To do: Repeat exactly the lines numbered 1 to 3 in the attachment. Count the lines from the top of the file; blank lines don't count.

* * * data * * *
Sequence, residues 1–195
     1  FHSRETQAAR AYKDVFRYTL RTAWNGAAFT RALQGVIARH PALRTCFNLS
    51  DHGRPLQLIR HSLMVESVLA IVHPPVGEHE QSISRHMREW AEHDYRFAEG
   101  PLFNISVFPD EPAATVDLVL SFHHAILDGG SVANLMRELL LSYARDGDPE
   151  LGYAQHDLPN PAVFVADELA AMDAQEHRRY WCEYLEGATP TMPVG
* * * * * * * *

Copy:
Sequence, residues 1–195
     1  FHSRETQAAR AYKDVFRYTL RTAWNGAAFT RALQGVIARH PALRTCFNLS
    51  DHGRPLQLIR HSLMVESVLA IVHPPVGEHE QSISRHMREW AEHDYRFAEG